Patterns of Tongue Contact in Normal and Lisping Speakers The accuracy of traditional articulatory descriptions of /s/ productions by normal and lisping speakers was tested. Three groups of children (normal speakers, frontal lispers, and lateral lispers) provided recordings of tongue pressures against the alveolar ridge while saying syllables containing /s/ and /z/. Two patterns of tongue contact were found ... Research Article
Research Article  |   September 01, 1973
Patterns of Tongue Contact in Normal and Lisping Speakers
 
Author Affiliations & Notes
  • Robert E. McGlone
    University of Kentucky, College of Dentistry, Lexington, Kentucky
  • William R. Proffit
    University of Kentucky, College of Dentistry, Lexington, Kentucky
Article Information
Research Articles
Research Article   |   September 01, 1973
Patterns of Tongue Contact in Normal and Lisping Speakers
Journal of Speech, Language, and Hearing Research, September 1973, Vol. 16, 456-473. doi:10.1044/jshr.1603.456
History: Received March 8, 1973 , Accepted June 25, 1973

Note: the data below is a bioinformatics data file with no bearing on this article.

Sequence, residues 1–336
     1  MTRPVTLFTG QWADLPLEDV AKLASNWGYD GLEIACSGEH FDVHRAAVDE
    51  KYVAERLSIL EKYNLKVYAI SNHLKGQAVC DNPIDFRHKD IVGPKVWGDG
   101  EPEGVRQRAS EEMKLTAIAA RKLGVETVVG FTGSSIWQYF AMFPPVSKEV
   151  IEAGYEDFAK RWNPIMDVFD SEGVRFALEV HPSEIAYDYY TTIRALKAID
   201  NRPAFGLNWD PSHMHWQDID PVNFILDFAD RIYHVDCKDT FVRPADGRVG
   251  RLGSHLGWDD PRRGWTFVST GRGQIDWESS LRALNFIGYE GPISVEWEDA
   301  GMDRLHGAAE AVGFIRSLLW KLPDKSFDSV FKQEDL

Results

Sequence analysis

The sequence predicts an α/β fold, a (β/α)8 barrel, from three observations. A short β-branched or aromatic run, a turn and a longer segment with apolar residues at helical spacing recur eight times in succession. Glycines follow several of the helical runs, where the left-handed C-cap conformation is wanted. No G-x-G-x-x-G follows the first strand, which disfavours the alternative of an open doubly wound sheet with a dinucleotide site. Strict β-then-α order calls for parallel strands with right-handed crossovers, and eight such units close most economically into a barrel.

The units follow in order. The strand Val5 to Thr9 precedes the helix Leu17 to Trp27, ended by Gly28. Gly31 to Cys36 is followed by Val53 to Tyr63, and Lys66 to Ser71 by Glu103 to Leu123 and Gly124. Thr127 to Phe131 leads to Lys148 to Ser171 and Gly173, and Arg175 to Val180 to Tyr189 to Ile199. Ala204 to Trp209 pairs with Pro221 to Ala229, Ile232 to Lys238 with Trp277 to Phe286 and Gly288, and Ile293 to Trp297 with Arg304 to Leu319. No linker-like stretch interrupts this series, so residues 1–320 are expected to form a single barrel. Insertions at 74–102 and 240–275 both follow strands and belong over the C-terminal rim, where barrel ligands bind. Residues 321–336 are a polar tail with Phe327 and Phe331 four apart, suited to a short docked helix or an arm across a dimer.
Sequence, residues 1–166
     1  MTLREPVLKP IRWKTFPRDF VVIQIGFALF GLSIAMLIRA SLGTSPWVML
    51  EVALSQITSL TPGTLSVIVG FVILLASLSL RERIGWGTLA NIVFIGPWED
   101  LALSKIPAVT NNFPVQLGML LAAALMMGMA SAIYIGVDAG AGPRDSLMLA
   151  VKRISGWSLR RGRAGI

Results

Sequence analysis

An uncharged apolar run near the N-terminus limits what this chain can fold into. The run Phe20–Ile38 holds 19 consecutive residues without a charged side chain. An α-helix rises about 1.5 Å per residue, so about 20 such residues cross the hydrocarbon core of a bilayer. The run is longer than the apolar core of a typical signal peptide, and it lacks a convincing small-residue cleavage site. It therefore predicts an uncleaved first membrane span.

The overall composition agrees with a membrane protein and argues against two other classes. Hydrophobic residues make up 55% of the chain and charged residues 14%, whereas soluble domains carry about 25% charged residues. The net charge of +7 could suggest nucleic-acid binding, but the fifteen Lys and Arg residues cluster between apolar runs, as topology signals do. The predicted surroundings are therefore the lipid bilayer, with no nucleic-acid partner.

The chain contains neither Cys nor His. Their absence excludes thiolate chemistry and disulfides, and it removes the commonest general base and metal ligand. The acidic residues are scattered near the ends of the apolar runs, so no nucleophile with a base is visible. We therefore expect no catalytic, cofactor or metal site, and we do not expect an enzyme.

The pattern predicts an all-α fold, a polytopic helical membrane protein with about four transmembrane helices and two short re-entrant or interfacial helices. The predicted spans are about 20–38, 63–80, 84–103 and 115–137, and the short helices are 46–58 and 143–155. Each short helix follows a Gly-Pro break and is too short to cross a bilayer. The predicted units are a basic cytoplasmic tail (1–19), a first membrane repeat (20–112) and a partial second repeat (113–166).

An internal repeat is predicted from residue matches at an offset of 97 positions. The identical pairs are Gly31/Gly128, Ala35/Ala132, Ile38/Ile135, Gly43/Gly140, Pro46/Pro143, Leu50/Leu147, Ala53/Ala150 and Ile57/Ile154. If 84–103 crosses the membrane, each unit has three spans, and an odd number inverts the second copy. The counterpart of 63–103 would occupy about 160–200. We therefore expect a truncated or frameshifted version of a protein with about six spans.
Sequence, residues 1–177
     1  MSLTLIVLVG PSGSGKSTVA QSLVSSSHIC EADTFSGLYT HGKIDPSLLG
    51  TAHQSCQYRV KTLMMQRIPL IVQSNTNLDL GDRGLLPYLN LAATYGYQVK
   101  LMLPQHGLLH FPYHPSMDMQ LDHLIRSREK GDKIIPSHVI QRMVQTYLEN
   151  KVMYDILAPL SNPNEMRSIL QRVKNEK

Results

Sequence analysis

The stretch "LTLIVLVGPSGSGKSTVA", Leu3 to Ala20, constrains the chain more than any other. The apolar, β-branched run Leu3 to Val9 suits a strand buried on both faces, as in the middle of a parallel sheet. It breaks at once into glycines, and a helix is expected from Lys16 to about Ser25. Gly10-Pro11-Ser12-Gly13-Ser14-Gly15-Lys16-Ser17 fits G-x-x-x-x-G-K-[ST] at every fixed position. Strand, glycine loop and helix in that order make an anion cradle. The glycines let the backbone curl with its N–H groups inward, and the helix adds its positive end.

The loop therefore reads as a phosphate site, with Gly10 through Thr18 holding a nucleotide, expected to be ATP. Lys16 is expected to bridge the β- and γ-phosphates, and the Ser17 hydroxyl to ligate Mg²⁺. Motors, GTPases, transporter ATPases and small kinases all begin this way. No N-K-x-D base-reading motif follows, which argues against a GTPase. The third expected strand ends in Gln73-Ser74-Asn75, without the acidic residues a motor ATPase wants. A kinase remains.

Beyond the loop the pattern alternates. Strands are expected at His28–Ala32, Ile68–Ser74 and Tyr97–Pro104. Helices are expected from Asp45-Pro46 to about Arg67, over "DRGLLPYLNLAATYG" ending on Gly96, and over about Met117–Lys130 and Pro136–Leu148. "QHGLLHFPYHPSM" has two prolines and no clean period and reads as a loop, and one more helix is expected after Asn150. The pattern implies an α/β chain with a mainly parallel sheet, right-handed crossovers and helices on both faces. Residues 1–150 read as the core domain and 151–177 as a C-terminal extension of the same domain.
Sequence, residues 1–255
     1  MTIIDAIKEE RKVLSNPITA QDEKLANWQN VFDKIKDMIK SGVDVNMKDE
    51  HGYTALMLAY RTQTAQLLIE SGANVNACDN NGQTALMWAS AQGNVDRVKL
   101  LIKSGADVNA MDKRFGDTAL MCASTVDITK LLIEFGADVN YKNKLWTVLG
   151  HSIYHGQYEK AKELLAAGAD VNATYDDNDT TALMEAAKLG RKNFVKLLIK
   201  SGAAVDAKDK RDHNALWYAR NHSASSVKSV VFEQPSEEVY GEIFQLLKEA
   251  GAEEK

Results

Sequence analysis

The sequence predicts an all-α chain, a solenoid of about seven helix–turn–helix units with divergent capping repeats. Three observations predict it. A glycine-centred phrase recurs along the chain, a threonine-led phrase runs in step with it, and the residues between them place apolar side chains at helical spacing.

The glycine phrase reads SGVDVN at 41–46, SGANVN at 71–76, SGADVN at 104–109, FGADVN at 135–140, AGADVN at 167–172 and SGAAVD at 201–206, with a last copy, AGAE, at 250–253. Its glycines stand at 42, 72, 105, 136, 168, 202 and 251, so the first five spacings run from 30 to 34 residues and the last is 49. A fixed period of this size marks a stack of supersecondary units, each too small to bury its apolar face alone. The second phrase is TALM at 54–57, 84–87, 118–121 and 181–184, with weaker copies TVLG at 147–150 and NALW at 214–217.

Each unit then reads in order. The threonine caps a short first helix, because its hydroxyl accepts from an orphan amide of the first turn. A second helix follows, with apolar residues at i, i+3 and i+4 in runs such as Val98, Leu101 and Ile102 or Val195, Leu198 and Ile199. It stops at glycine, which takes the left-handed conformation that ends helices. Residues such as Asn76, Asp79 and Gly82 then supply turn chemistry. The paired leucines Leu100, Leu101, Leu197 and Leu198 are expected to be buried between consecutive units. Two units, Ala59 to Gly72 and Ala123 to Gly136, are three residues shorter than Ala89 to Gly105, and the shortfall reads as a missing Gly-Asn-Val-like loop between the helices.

Journal of Speech, Language, and Hearing Research, September 1973, Vol. 16, 456-473. doi:10.1044/jshr.1603.456
History: Received March 8, 1973; Accepted June 25, 1973

The accuracy of traditional articulatory descriptions of /s/ productions by normal and lisping speakers was tested. Three groups of children (normal speakers, frontal lispers, and lateral lispers) provided recordings of tongue pressures against the alveolar ridge while saying syllables containing /s/ and /z/. Two patterns of tongue contact were found for frontal lispers: one like that of normal speakers and another like that of lateral lispers. Lateral lispers uniformly provided deviant midline measure. The age of the subjects and position of the consonant in the syllable had little effect upon tongue contact and pressure. Males, however, did exhibit greater pressure. Tongue pressures during swallowing by the lisping groups were deviant from those of normal speakers.

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